Read full article @ techPowerUp

Does ARM have a chance of succeeding in the server market?
ARM recently held their second annual Tech Days event, where a small number of approximately fifteen journalists were brought up to date on the most recent developments and the future plans of the CPU designer. Hardware.Info was one of the few European publications attending the event. In addition to a lot of information on ARM's products for smartphones, tablets, and wearables, an entire day of the event was dedicated to ARM's products and plans for the server market.

ARM already announced their plans to enter the server market a few years ago. ARM sees a big opportunity to compete with Intel in the relatively young segment of so-called micro servers. Intel currently dominates almost the entire server market, with the exception of a few other players in the top segment (e.g. mainframes). ARM track record of producing energy efficient processors should be one of the catalysts for the architecture's adoption into the server market.

If we had to summarize the different presentations that ARM gave during the server day of the Tech Days event in one sentence, we would say that all the puzzle pieces that are required for ARM's adoption into the server market are finished. Although the ARMv8 64-bit architecture was already out there, the first ARMv8 server grade SoCs will also be hitting the market soon. In addition, the software is also ready: operating systems such as Ubuntu, virtualisation hypervisors such as Xen, middleware such as OpenJDK and countless server applications are already stable on the ARM architecture. Finally, the server manufacturers are also nearly ready to release ARM products onto the market. Presentations were given by companies such as Canonical, Citrix, and HP to reinforce these claims.


Read full article @ Hardware.Info

Genius Energy Mouse Review
Near the end of last month, I headed down to Seattle with a few of my friends to attend an anime/Japanese cultural convention called Sakura-con. Let's just say I learned quite a few things I did not know about my friends and some "online acquaintances" as well. I have always been taught with the common adage of "don't judge a book by its cover" and "there is more than meets the eyes." These words could not have rang any more true, as I spent two nights and three days with this group of people. Sometimes, on a surface level, you feel like you know just about everything you need to know about a person; this is especially true when you consider them to be your friends. On the other hand, with people you meet online, most people are usually more cautious, and take some time to get to know them on both a superficial and possibly a deeper degree if they pass the first level. These adages do not only apply to people, but they also apply to various items and objects, such as the one product we will take a look at today. From Genius, we have a product called the Energy Mouse, which combines the common portable wireless mouse with the added bonus of using it as a power bank. Genius is known for creating a lot of products, and also being an OEM for other companies, with products ranging from mice to tablets. Let's take look at how the Genius Energy Mouse combines the portable wireless mouse and power bank.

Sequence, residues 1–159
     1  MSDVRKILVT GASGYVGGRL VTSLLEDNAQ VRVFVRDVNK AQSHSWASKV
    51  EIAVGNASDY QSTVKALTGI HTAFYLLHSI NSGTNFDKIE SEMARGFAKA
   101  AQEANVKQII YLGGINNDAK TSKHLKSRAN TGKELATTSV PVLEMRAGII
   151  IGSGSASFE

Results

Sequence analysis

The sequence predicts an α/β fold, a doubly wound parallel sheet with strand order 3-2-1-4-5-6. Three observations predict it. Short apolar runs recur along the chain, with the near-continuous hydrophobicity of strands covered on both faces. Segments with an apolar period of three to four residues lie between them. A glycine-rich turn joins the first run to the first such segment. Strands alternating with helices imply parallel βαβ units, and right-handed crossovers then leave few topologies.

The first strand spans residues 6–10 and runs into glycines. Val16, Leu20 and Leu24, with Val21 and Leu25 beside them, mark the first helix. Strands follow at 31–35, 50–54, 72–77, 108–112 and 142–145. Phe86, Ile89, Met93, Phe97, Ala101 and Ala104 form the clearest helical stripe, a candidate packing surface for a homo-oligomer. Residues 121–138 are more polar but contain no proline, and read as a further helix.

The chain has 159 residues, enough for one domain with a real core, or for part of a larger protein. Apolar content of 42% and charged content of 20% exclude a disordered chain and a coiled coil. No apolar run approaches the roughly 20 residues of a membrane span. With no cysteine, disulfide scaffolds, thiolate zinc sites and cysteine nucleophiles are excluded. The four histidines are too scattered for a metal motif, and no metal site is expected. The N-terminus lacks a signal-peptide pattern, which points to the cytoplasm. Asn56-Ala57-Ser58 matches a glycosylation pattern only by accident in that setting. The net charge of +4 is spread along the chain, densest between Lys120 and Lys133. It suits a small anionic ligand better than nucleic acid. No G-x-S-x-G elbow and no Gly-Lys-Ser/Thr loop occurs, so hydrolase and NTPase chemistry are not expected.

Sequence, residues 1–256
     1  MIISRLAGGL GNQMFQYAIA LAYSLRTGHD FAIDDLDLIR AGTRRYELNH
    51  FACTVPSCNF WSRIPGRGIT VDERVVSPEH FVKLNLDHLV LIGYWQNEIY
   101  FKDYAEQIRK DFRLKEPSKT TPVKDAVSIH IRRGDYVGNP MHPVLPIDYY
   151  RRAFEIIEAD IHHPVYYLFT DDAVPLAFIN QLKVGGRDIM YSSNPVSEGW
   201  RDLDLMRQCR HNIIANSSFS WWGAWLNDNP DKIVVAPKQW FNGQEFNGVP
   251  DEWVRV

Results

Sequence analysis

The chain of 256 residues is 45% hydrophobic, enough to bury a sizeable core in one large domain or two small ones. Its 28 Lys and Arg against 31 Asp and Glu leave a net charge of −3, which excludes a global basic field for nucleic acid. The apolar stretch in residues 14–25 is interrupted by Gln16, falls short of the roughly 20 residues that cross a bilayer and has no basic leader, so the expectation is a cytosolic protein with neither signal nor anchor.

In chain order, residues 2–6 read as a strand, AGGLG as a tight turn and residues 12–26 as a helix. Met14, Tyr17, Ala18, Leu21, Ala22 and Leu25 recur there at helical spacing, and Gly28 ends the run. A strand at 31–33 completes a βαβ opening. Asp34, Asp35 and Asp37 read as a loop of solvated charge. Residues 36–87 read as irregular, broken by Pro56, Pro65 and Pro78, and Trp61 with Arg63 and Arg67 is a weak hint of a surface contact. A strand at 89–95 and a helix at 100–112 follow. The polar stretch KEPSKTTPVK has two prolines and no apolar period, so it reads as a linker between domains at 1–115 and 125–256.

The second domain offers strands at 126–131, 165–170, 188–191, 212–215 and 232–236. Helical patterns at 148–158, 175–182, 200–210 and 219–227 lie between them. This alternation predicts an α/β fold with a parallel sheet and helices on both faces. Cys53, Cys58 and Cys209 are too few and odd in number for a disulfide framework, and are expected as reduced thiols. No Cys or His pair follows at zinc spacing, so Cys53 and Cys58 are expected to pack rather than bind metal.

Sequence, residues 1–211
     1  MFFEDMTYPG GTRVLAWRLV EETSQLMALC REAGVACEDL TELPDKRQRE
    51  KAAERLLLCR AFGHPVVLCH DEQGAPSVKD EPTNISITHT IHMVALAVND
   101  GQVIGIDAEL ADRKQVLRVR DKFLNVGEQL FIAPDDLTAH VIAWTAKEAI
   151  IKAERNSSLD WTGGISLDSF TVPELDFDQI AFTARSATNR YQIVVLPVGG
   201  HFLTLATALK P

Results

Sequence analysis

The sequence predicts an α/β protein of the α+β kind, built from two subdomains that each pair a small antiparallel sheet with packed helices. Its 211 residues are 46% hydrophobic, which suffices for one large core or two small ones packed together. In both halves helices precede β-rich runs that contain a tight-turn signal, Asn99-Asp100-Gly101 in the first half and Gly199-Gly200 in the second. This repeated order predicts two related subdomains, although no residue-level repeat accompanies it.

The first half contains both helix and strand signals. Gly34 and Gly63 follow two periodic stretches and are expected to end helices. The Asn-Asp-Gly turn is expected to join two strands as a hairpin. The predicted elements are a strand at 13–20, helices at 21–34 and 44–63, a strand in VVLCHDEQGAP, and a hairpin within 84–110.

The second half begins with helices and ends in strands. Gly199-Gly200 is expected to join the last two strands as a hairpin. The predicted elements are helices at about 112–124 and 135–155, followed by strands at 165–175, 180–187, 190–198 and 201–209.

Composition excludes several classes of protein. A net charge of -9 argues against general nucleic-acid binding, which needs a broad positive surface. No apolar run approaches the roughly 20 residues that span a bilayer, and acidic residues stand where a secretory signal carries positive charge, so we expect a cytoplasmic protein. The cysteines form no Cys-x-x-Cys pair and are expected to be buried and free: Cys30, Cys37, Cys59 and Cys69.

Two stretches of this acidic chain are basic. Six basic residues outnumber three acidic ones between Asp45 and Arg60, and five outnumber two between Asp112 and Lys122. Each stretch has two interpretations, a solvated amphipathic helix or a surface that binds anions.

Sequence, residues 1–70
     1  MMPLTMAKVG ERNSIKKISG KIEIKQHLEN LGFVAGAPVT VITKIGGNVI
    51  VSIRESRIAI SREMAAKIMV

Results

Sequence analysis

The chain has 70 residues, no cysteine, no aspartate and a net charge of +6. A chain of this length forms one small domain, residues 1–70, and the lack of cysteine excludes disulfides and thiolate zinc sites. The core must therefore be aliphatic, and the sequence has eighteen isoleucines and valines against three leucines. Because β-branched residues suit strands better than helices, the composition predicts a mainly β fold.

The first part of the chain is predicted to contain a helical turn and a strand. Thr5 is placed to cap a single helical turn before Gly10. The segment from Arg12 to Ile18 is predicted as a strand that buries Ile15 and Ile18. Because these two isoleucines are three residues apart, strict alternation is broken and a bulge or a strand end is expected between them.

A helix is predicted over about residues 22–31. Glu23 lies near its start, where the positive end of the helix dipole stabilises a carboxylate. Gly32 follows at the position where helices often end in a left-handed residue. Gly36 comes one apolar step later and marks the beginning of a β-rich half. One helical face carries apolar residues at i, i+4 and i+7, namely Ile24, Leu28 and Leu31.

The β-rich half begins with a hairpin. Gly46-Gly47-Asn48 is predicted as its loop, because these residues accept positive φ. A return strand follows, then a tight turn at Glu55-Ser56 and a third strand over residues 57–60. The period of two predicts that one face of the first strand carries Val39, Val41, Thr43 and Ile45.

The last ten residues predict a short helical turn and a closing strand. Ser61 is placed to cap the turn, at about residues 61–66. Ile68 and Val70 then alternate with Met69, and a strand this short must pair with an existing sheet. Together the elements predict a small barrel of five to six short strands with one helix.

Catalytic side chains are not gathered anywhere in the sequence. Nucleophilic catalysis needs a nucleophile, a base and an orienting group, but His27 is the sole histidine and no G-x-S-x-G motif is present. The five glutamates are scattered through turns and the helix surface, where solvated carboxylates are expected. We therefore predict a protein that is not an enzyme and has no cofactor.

Read full article @ APH Networks

GIGABYTE Z97X-Gaming 7 Review
So far on our Intel Z97 venture we’ve analysed a number of motherboards which focus on being affordable. Those who are perhaps on tight budget constraints will appreciate an offering which retains high-end features but sits at an attractive price-point and today’s sample achieves exactly that.

Z97X-Gaming 7 sits within the well-regarded G1 gaming line. This motherboard upholds many of the features and characteristics from the Gaming G1 motherboard but doesn’t end up costing the earth.


Read full article @ Vortez

Gigabyte Z97X-Gaming G1 WIFI-BK Motherboard Review
The Gigabyte Z97X-Gaming G1 WIFI-BK is a high-end socket LGA1150 motherboard based on the new Intel Z97 chipset, supporting the fourth and the forthcoming fifth generation Core i processors. It brings high-end network and audio interfaces, four PCI Express 3.0 x16 slots, ten SATA-600 ports (allowing one SATA Express connection), and eight USB 3.0 ports. Let's take a good look at it.


Read full article @ Hardware Secrets

Liquid Image Ego 1080P WiFi Xtreme Sport Camera Review
If you happen to visit YouTube a lot like we do you will have most possibly noticed an considerable increase in clips recorded with action cameras and car dash cameras from all around the world. Obviously this wasn't possible a few years back but the current state of technology along with the large number of companies in the market that focus in the design and manufacturer of such products have allowed consumers from virtually every segment to own one such device. Since we have both used and tested quite a few such devices we know firsthand of what you can expect from them both in terms of video/audio quality and features but as with everything else there are plenty of models in the market we have yet to get our hands on. Liquid Image is one of the oldest players and already counts 6 years in the market but it wasn't until just a couple of months ago that they send us their latest EGO 1080p/12MP Wi-Fi Xtreme Sport Camera to test.